What Is Market Structure in Trading?

Market structure, as a concept, is nothing new and has been around for as long as financial markets themselves.

 

However, the core principles continue to be extremely important. Especially when it comes to analyzing price movement and identifying trading opportunities. 

 

Market structure acts as a guide for understanding upward, downward, and sideways trends. The same principles can be used in any type of market, from stocks, futures, forex, and commodities, to digital assets like cryptocurrencies or even physical assets like real estate.

 

If you’re wondering why market structure is so relevant or how you can use it, read on. We’ll go through all the fundamentals in this post.

 

Table of Contents

1. What Is Market Structure?

2. Why Is Market Structure Important in Trading?

3. How to Use Market Structure?

4. Which Assets Work Best With Market Structure?

5. What Is the Best Time Frame to Identify Market Structure?

6. Examples and Trade Setups Using Market Structure

7. Advantages

8. Limitations

9. Market Structure FAQ

 

What Is Market Structure?

Market structure definition: The framework or structure that any given market is currently trading in. Market structure can help you understand the behavior, condition, and current flow of the market. It highlights support and resistance levels, swing highs, and swing lows.

 

Types of Market Structure

Market structure can be broadly classified into three distinct categories:

 

Bullish Market Structure: A bullish structure is defined by a series of higher highs (HH) and higher lows (HL). The trend continues in the same direction until the asset price records a lower low (LL). 

 

 

Bearish Market Structure: A bearish structure is defined by lower lows (LL) and lower highs (LH). The price trend continues as long as lower highs (LH) are being printed and until a higher high (HH) is created.

 

 

Sideways Market Structure: The horizontal movement of price shown by equal highs (EH) and equal lows (EL) is called a sideways trend or sometimes referred to as chop.

 

 

Market Structure With Candlesticks

Market Structure can also be defined by candlesticks as illustrated below:

 

 

Price Continuation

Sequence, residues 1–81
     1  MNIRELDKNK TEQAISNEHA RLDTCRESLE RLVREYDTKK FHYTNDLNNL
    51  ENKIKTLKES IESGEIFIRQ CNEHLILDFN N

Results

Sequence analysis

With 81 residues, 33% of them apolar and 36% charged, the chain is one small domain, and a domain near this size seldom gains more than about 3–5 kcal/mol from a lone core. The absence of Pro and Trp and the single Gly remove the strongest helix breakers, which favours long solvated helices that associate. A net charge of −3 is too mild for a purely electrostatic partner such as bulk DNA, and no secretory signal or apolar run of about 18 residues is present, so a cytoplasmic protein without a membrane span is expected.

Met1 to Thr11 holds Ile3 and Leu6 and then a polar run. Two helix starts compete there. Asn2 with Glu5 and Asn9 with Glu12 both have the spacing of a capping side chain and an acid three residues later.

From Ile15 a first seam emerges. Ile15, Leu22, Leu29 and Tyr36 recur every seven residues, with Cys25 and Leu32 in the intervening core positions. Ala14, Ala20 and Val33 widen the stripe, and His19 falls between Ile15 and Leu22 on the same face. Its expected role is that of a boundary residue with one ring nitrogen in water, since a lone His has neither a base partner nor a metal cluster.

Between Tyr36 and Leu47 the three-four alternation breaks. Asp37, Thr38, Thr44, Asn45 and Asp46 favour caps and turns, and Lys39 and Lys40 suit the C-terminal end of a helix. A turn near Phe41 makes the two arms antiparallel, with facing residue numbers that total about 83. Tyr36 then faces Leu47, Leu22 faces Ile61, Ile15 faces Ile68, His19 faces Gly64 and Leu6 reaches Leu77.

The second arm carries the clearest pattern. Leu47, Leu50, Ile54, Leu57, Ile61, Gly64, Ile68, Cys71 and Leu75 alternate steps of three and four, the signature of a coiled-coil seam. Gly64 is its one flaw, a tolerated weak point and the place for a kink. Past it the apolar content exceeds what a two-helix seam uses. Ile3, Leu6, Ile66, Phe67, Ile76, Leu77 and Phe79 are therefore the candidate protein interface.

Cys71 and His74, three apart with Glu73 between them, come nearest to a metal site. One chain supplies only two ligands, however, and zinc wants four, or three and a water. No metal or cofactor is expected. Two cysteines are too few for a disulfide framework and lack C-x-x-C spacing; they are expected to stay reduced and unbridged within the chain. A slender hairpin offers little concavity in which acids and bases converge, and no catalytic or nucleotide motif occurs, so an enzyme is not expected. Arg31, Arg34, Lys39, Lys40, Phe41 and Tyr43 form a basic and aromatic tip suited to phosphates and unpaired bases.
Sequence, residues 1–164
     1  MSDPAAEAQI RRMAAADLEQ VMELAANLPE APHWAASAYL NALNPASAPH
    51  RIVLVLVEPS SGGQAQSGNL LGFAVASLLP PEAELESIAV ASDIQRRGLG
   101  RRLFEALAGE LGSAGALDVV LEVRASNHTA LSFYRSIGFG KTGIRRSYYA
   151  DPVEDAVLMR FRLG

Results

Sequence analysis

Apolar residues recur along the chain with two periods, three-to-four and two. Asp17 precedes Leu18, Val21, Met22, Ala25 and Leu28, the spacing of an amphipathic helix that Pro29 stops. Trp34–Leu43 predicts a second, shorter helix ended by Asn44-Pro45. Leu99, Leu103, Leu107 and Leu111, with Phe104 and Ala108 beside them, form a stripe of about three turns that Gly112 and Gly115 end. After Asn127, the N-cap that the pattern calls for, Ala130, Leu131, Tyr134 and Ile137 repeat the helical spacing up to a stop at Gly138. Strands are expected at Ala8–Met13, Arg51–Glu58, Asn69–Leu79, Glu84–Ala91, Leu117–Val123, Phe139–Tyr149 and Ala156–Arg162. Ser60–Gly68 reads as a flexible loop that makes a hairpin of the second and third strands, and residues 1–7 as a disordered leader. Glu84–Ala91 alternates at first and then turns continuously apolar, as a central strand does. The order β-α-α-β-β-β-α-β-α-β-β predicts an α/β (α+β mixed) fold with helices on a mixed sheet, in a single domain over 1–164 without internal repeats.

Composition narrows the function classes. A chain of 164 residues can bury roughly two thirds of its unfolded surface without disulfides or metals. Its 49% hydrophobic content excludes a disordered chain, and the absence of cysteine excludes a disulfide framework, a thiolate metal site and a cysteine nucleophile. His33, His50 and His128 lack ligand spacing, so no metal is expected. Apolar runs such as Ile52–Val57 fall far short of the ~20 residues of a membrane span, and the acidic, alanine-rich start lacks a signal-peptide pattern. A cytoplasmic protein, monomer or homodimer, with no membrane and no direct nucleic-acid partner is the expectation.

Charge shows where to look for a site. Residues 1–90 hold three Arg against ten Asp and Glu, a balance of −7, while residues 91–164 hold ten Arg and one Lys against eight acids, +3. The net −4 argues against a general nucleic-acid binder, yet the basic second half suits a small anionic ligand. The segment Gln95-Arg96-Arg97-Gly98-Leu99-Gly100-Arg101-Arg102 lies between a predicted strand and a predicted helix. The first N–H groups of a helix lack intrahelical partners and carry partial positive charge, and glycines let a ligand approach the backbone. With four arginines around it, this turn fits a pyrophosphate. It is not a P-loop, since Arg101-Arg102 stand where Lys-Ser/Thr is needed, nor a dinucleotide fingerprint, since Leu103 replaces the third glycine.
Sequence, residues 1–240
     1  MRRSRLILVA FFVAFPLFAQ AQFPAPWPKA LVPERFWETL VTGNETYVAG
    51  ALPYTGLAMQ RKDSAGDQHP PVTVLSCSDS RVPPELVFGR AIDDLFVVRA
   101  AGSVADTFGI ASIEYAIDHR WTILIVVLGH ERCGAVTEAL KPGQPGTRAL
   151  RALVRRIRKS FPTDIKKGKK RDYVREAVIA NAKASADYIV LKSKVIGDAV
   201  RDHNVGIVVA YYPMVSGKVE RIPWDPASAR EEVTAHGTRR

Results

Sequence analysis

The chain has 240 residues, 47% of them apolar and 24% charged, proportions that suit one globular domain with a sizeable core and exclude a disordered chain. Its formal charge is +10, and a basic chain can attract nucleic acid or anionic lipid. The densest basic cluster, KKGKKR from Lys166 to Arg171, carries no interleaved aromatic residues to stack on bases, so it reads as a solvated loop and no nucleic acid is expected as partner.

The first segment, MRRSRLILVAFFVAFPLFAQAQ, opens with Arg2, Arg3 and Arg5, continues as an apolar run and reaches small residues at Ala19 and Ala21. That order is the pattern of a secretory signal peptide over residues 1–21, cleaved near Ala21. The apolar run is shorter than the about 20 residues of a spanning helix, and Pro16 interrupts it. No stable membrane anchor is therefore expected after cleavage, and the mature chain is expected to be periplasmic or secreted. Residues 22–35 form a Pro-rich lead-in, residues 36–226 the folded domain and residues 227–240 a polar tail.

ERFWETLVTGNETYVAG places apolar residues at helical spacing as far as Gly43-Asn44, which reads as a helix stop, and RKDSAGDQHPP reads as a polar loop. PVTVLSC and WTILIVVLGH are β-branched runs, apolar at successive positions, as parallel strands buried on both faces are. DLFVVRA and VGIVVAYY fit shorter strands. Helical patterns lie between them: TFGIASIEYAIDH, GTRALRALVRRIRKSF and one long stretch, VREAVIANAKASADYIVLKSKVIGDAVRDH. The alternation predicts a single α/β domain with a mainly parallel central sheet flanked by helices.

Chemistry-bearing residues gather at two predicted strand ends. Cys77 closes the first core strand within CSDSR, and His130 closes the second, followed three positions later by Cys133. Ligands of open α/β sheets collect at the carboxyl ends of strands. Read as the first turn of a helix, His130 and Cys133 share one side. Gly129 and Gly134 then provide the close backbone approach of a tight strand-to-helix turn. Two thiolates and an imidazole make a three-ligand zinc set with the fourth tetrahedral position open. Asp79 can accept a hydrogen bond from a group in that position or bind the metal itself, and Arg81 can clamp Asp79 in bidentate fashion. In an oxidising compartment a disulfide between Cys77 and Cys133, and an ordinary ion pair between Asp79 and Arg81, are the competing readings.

To confirm a trend it’s important to see candlesticks close above the previous higher high (in an uptrend) or below the previous lower low (in a downtrend). 

 

This shows the continuation of buying as the price increases or the continuation of selling as the price decreases.

 

Price Failure

If price action sweeps above the previous higher high but then closes below, this shows weakness and could be the early sign of a reversal:

 

 

Support and Resistance in Market Structure

Price movement is often restricted within the limits of support and resistance levels. Price can cross these levels and shift to other areas of support and resistance.

 

  • Support: A price level that can halt a downtrend due to a concentration of demand or buying interest. Support levels usually contain a large number of buy orders in the order book from major market participants.

 

  • Resistance: A price level that repels an uptrend due to the emergence of an increased number of sellers. Resistance levels contain a high volume of sell orders in the order book.

 

 

Why Is Market Structure Important in Trading?

Market structure is important for both new and professional traders since it can influence the liquidity and price action of a market. It’s also one of the most commonly used techniques to understand trends, identify potential reversal points, and get a feel for current market conditions.

 

Because market structure is a reflection of the two-way auction process and psychological changes of market sentiment, it provides incredible insight into how the market is behaving. It can provide vital clues about where the price action is heading next.

 

Market structure also helps to create efficient markets (asset prices reflect all available information). Market makers are a big part of this and supply liquidity to ensure smooth transactions.